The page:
How do you feel about pre-casting?
I'm mixed on it. I don't believe in pre-casting as a rule. Sometimes, it serves a purpose. When time is of the essence and you trust someone-you go with them. Honestly though, I truly strive to give every person that auditions for me a fair shot. I try to judge each individual based upon what they do in front of me that day. I don't put much stock in resumes. But, when I have had success with someone previously and I like the way they work and I trust them, it should not preclude me from casting them in a new project. If they are right for it. I have cast actors new to me in roles because I was excited by what they brought to the table at the audition. Pre-casting eliminates the chance and the excitement of finding the next new talent.

What was your worst theater experience?
I was hired to Direct and Choreograph the final show of a summer stock season. It was the first time I was not fully responsible for the casting of my show. I inherited four actors that were already tired and truly cranky. They refused to learn their music or their choreography --they wanted to hold their scripts on stage and they fought me day in and day out. They were unbelievably unprofessional and difficult. I came in and worked with them on their day off, I tried to assure them I was on their side and believed they could succeed. I had started out hoping to help them soar and wound up just praying they wouldn't embarrass themselves, the theater or me. I cut over thirty-five minutes out of the show to help them learn their music on time and still they complained. It was a real shame. The show was successful, but a real disappointment for me.

What was your best theater experience?
The most recent production of West Side Story I directed at the North Carolina Theater. I had a dream cast made up of seasoned professionals, talented locals and hard working Arts College students. And, I was blessed with a thirty-piece symphony to play that magnificent score. I was in heaven. The cast worked very hard, they really pushed themselves and they excelled. I will never forget their hard work or professionalism.

If you could give one message to ALL of the actors out there, what would it be?
Be passionate, have a point of view, lose any sense of entitlement, never mark when dancing, collaborate with everyone and above all be professional.

If you could give one message to ALL the producers out there, what would it be?
Hire the best people you can for their respective jobs, and then let them do them.

If you could give one message to ALL the directors out there, what would it be?
Never forget that you are telling a story. And, yelling never makes the product better. (I wish I had learned that last one sooner. I'm Sorry to those who suffered prior to my epiphany. It was only two jobs, but I'm still disappointed for allowing myself the indulgence of losing my temper at all. Even once. You never get it back.)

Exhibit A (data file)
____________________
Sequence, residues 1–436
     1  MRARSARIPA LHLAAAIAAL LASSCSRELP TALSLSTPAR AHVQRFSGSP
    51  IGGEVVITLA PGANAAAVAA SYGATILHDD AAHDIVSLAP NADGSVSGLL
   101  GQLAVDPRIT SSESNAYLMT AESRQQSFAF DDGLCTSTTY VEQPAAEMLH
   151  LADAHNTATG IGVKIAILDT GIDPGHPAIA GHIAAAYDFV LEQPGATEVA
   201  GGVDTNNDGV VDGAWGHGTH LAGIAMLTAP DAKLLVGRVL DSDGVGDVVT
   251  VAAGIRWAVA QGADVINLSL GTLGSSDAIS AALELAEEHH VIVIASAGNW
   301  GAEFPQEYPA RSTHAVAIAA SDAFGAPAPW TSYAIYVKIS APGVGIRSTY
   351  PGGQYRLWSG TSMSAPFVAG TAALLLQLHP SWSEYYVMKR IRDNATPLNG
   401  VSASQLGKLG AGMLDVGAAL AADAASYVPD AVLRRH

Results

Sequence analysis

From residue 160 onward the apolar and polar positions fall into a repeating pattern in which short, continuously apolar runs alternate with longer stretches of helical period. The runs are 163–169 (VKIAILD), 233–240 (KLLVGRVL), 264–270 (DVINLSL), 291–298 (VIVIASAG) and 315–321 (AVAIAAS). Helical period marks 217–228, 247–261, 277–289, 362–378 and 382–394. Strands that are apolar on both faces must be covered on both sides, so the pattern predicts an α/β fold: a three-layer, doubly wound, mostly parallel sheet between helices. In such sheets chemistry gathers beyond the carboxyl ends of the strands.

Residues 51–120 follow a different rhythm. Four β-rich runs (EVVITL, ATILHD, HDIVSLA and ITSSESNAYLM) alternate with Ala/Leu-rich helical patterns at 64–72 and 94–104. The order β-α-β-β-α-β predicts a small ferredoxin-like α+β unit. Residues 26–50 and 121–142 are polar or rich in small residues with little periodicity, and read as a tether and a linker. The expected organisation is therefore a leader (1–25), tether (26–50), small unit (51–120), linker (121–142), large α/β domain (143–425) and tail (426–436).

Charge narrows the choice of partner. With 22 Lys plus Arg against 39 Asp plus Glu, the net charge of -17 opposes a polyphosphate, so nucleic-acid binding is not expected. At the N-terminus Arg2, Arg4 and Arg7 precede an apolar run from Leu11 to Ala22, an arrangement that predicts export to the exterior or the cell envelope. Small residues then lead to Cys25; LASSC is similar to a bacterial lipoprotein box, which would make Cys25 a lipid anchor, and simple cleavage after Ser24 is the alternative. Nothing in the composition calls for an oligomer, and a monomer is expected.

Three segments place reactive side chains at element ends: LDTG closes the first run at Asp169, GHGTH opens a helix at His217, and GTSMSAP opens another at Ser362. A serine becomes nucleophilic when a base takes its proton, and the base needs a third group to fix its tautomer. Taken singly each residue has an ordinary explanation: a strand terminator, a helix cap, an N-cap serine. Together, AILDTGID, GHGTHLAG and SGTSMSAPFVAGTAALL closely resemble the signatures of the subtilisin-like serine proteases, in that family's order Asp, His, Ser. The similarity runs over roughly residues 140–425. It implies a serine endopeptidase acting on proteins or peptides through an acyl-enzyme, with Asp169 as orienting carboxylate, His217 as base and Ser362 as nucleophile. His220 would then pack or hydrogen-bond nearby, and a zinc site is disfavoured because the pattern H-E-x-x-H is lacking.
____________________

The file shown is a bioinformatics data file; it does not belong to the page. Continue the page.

If you could give one message to ALL the other techies out there, what would it be?
Thank you for your tireless efforts to bring good work to fruition.

Why do you work at the theatres that you do?
Because they respect the work and support my point of view.


Do you think Long Island Theater will continue to grow?
It had better. There is an abundance of talent here. I think actors tend to get lazy though. If the local talent base endeavored to work out of their respective comfort zones - truly exciting and wonderful things would begin to happen throughout the community.

What brings you greatest joy?
Helping someone achieve a memorable performance.

What irks you?
Watching talent being squandered and having people waste my time with their histrionics.

If you won lotto tomorrow you would...
Open a theater of my own. Buy my dad a jaguar and retire my wife.

Is it true you would rather be rich than good looking?
Money certainly makes being ugly easier to handle.

What's your favorite word?

Assuming that there is a heaven, what do you want to hear when you get there?
You've made a difference, thank you.


Do you have any upcoming projects that you would like the readers to know about?
My partners, Lisa Dawn Cave, Jack Hayes and I are working to bring the Northport Theater back on line shortly as a Performing Arts Center. We are looking to run it year round. We will present Musicals, Plays, New Works, Concerts, Children's shows and outreach programs. We are also going to launch the Northport Film Festival, as well. We are really counting on the support of the community to make it a long-term success. We will offer a Theater Arts Conservatory program for serious performers, students and professionals alike.

What is your dream theatrical project?
I think I just described it. Otherwise, winning the respect of my peers for directing a successful Broadway Play.